ST. ALBANS — The Vermont Dept. of Environmental Conservation (DEC) has identified another half-mile stretch of Stevens Brook as being impaired. However, a stream in Fairfield is being removed from the state’s list of impaired waters.
According to DEC, Chester Brook is no longer impaired. For the past four years samples of insects in the stream have shown that the ecosystem is healthy and improving.
A seven-mile stretch of Stevens Brook from the mouth upstream is still considered impaired for agricultural runoff and sediment. A total maximum daily load plan was created for Stevens Brook in 2008, identifying the types of reductions in run off needed to create a healthy stream.
A half-mile stretch downstream from LaSalle Street has been added to the list of impaired waterways. According to DEC, that stretch is impaired by contaminated soils from the St. Albans Gas and Light hazardous site, once a factory location.
One section of Stevens Brook has been removed from the list of impaired waterways. From approximately one mile below the Central Vermont Railway site upstream to the rail yard is no longer considered threatened by contamination from the rail site.
According to the state, the railway has worked with the state to contain pollution and remediate the site, including operating a remediation system for contaminated groundwater for eight years.
The railway also installed a system to remove oil that drips from rail cars onto the tracks, and transported 4.5 tons of contaminated soils and other debris to the Coventry landfill.
Some of the same sections no longer considered endangered by contamination from the Central Vermont Railway site is, however, considered impaired by contamination from the 19th century St. Albans Gas and Light site.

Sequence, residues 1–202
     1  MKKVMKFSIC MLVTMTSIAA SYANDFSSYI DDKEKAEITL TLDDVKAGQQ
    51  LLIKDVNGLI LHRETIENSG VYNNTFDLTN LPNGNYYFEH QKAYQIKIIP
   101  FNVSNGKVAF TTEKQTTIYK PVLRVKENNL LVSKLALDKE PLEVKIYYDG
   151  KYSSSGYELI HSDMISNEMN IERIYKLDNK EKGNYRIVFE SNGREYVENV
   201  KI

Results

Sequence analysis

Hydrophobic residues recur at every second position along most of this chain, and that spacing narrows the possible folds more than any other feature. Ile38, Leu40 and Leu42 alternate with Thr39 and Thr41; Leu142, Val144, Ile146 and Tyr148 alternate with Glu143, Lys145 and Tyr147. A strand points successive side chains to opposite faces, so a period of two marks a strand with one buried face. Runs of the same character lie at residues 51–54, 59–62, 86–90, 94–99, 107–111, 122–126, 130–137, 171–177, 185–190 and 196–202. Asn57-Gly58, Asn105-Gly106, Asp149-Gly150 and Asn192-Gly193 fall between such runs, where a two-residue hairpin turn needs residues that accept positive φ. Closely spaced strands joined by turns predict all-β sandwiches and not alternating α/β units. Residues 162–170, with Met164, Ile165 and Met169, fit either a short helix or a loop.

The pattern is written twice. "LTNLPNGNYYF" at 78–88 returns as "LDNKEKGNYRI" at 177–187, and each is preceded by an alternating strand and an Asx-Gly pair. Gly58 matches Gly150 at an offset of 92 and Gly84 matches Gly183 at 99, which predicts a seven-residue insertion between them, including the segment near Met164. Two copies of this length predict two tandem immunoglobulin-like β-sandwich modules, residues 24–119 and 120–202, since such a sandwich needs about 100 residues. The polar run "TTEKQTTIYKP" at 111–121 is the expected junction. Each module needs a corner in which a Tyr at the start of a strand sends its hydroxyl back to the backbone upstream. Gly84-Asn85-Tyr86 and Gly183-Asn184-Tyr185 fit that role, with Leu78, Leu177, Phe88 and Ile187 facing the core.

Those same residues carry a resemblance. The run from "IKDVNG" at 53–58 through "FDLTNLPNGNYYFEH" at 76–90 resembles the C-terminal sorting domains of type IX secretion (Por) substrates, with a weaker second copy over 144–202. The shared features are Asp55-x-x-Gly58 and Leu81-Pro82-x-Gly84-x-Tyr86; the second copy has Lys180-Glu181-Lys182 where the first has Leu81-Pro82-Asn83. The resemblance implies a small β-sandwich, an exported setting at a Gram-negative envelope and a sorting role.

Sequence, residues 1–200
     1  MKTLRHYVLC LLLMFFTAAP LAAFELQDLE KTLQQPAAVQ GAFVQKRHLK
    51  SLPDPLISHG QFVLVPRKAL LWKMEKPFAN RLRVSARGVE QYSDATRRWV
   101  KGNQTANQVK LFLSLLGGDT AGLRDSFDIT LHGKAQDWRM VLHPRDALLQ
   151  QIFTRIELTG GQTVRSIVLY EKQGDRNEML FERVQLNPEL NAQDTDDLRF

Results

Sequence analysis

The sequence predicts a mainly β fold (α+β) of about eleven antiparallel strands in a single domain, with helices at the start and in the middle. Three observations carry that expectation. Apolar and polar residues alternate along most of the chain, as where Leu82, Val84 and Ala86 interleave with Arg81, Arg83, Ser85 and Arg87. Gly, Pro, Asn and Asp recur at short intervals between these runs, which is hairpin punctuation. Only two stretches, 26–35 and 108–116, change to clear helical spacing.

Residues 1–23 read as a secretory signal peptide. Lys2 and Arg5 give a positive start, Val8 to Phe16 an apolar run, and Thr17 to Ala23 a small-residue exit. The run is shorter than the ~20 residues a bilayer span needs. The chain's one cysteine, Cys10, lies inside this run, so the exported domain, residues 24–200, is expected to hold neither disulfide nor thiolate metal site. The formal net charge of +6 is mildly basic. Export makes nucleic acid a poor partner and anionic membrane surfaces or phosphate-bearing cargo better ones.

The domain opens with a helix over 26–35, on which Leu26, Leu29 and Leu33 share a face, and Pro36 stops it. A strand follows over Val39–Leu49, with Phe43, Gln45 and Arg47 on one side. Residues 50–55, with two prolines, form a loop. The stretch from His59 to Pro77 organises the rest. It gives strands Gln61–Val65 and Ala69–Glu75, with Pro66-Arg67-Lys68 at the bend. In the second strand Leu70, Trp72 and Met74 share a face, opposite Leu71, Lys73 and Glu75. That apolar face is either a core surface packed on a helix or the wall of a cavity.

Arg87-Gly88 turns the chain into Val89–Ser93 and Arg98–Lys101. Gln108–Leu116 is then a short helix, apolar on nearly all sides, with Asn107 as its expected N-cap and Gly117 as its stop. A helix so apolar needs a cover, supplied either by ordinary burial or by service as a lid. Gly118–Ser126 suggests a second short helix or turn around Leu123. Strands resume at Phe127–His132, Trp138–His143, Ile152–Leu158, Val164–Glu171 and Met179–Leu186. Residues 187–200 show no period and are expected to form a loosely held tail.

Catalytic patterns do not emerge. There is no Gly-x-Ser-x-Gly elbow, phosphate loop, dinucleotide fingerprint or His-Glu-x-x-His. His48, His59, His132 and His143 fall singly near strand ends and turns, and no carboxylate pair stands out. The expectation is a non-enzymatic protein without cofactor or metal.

Other waterways around the region remained on the list of impaired waterways submitted by DEC to the Environmental Protection Area yesterday. They include:
• Rock River: algal growth, agricultural runoff, nutrient enrichment.
• Saxe Brook: agricultural runoff.
• Rugg Brook: agricultural runoff.
• Jewett Brook: agricultural runoff.
• Mill River: agricultural runoff, streambank erosion.
• Berry Brook: agricultural runoff, aquatic habitat impacts.
• Samsonville Brook: agricultural runoff, aquatic habitat impacts.
• Godin Brook: agricultural runoff, aquatic habitat impacts.
• Trout River: agricultural runoff.
• Wanzer Brook: agricultural runoff.
• Mud Creek: agricultural runoff, nutrient enrichment.
In addition several sections of Lake Champlain have been identified as impaired by PCBs (polychlorinated biphenyls), a class of chemicals, which can cause cancer, among other health impacts. The safe level of PCBs in drinking water has been set at zero.
PCBs are found in trout caught in the following areas of northern Lake Champlain:
• St. Albans Bay
• Missisquoi Bay
• Shelburne Bay
• Mallets Bay
• Burlington Bay
• Main Lake near South Hero
• Northeast Arm near Swanton
• Isle La Motte
The Clean Water Act requires the state to submit the list of impaired waterways to EPA every two years. In addition to Chester Brook, four other streams or sections of streams were removed from the list of impaired waterways. Several were added.